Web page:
Spending on senior care services, which includes skilled nursing, home health care and assisted living are predicted to grow 5.2 percent annually and will amount to $319.5 billion by 2016 according to the Freedonia Group.
Skilled nursing saw facilities revenue come in at $106.9 billion in 2011 according to the study and are projected to grow to $126.5 billion in 2016 and $146.5 billion by 2021. Revenues for home health care services were reported and projected to be $61.1 billion, $85.5 billion and $120.5 billion for the same time periods.
The growth will be driven by the baby boomers entering their retirement years, but could be constrained by efforts at the state and federal levels to cut Medicare and Medicaid.
“There is no question that there will be an enormous growth in demand for eldercare services which will place an enormous burden on families,” declares Jesse Slome, executive director of the American Association for Long-Term Care Insurance. “Medicare and Medicaid will not be able to carry the burden without seeking additional tax revenue or forcing states to reduce allocations to other programs such as education. You just can’t have everything unless someone is willing and able to pay.”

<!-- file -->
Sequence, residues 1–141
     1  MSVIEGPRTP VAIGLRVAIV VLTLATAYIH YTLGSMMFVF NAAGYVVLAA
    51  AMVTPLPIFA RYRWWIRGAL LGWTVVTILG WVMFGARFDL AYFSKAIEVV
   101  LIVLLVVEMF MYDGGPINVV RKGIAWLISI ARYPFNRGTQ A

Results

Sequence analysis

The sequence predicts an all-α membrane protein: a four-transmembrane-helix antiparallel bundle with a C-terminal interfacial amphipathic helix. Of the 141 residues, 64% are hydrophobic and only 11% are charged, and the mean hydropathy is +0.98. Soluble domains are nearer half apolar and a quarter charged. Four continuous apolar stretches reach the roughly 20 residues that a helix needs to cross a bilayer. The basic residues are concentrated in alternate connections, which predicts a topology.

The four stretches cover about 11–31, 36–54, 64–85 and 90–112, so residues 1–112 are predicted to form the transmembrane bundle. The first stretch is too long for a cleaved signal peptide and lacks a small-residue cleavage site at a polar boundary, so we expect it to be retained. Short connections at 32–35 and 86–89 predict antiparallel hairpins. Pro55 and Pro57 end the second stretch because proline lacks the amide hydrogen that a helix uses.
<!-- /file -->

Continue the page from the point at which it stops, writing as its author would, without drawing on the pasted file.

Slome predicts the growth of interest in long term care insurance a private form of coverage already owned by some eight million aging Americans. “If you want to have some choice in your care you either have to have sufficient dollars to pay, have a family member willing to provide free care or some insurance that will cover some of the cost,” Slome explains. “People are increasingly aware of the importance and more are looking into the area every day.”
Written by John Yedinak